BoostLab4-5: Heart2.0 - Active interface system for artificial hearts


Project duration

January 1, 2022 to December 31, 2024

Project partners

DWI – Leibniz Institute of Interactive Materials, AG Prof. Ulrich Schwaneberg , AG Dr. César Rodriguez-Emmenegger

RWTH Aachen, WZL (Laboratory for Machine Tools and Production Engineering, Chair of Manufacturing Technology)

Project description

The goal in the Heart 2.0 project is to develop an active interface system for the interior of artificial hearts and cardiac assist devices, combining innovative concepts of molecular engineering, bio- and nanotechnology, surface engineering and fluid dynamics. An aging population and high incidence of heart disease are leading to an increasing number of people suffering from terminal heart failure. The shortage of donor hearts and insufficient supply leads to long waiting times with deteriorating quality of life and increasing life risk.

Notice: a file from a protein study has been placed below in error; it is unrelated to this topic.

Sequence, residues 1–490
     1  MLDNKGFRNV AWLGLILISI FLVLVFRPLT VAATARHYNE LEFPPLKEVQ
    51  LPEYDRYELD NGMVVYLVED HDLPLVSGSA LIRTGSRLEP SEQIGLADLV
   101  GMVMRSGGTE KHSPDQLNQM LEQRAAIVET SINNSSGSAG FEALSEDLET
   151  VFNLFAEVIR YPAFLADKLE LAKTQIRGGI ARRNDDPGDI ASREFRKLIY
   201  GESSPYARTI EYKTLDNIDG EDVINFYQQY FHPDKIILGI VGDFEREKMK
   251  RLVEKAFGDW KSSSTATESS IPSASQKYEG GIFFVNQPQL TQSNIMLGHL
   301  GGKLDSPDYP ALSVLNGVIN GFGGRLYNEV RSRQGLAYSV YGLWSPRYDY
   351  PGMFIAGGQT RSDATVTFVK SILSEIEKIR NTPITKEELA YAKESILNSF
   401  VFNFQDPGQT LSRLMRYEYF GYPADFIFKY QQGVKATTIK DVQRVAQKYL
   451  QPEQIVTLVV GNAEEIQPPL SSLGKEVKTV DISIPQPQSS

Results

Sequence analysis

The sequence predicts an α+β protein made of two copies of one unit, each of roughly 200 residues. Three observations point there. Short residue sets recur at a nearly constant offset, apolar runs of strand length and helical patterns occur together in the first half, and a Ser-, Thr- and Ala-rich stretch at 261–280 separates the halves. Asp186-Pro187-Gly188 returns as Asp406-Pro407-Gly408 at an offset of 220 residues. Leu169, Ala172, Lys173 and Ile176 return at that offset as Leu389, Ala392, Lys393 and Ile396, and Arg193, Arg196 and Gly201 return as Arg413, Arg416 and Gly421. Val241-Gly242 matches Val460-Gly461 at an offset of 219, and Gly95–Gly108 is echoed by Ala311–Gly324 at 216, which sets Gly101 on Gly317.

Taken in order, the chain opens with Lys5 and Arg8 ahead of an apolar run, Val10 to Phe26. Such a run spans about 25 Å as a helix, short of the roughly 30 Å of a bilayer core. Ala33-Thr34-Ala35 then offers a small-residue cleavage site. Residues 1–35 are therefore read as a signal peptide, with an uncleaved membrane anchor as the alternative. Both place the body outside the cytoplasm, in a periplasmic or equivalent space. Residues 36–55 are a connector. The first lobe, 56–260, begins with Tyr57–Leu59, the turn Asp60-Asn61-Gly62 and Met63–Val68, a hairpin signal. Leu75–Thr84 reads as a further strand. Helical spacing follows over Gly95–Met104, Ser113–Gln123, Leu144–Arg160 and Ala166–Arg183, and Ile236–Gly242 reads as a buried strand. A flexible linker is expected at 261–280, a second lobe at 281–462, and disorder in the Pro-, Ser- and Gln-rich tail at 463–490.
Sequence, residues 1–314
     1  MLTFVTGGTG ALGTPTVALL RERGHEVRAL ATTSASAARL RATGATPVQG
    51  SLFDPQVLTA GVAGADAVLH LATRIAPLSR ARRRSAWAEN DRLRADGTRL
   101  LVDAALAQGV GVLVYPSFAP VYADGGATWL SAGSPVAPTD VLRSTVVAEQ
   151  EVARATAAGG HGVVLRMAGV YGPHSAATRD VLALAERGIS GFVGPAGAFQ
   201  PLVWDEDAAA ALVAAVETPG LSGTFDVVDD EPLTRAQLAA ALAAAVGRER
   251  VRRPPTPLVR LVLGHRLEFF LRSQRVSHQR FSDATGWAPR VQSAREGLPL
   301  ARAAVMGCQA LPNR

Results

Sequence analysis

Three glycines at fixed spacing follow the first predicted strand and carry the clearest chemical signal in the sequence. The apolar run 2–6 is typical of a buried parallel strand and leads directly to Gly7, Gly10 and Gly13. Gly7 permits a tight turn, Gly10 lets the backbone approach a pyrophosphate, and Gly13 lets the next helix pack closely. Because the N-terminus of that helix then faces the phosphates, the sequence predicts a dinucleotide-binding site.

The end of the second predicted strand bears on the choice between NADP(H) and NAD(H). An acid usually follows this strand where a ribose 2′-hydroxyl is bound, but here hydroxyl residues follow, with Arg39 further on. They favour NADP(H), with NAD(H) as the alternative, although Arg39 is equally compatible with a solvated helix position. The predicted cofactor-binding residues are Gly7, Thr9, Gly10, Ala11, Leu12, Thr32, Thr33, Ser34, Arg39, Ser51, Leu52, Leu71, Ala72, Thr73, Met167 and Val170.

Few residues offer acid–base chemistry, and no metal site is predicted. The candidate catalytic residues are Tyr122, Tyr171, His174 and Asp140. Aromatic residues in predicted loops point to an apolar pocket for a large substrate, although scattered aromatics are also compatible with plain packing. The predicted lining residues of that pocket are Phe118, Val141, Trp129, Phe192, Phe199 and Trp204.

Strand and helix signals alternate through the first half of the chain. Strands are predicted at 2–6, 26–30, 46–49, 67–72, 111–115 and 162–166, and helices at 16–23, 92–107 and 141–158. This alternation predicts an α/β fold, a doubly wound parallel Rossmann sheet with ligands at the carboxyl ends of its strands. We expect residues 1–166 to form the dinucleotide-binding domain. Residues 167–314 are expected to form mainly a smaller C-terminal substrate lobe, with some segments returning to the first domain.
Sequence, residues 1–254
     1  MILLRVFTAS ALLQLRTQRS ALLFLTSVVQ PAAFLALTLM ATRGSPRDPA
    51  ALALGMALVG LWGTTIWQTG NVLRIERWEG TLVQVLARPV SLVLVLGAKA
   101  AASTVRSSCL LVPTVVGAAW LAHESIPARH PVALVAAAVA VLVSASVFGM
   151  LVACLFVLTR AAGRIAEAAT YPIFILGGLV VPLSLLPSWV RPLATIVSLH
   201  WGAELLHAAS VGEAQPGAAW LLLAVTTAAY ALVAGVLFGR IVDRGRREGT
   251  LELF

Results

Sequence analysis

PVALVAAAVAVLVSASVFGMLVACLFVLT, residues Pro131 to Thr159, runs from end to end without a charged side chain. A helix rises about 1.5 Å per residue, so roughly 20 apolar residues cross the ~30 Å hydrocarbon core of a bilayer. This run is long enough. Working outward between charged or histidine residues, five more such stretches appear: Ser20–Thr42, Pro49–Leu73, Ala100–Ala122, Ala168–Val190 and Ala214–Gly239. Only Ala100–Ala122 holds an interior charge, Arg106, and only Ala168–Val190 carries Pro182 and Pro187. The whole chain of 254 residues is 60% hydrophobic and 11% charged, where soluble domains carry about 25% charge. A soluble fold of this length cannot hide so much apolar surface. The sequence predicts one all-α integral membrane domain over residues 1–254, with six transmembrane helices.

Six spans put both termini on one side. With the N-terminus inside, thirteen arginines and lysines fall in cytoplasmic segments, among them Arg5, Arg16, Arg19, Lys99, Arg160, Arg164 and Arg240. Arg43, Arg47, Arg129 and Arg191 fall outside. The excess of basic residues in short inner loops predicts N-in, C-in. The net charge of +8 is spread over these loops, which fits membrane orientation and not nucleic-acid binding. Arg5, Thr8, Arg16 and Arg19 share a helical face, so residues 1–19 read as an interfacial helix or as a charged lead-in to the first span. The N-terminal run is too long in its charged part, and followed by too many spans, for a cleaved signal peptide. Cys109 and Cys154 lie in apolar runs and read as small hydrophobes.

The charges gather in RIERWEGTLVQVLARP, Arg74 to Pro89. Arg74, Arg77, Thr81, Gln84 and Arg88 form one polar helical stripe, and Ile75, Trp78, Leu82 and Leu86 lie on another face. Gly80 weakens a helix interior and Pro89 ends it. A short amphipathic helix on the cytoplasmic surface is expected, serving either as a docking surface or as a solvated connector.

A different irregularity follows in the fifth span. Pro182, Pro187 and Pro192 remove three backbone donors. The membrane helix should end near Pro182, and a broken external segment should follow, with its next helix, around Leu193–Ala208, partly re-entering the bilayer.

Local industry has developed artificial heart assist devices that completely replace the function of the natural heart and provide a therapeutic alternative to heart transplantation. However, blood contact with the titanium/polymer surface of the artificial heart and heart assist device remains a challenge and leads to undesirable thromboembolic complications.

Our goal is to develop an active interface system for artificial hearts and cardiac assist devices. This system not only reduces the activation of coagulation, but also actively influences the blood components and thus contributes to patient recovery. Antifouling polymer brushes are bound to the titanium/polymer surface of the artificial heart via the anchor peptides. The additional immobilization of corn trypsin inhibitor, CTI, and tissue-specific plasminogen activator, tPA, locally inhibits surface-induced clotting and activates fibrinolysis if a clot is formed. In addition, laser patterning is used to create biomimetic surface topographies that generate migrating eddy currents and thus high shear at the interface to detach clots. The two biological strategies play a role especially in the acute initial phase of implantation, while titanium structuring remains active for years.

Open positions

currently none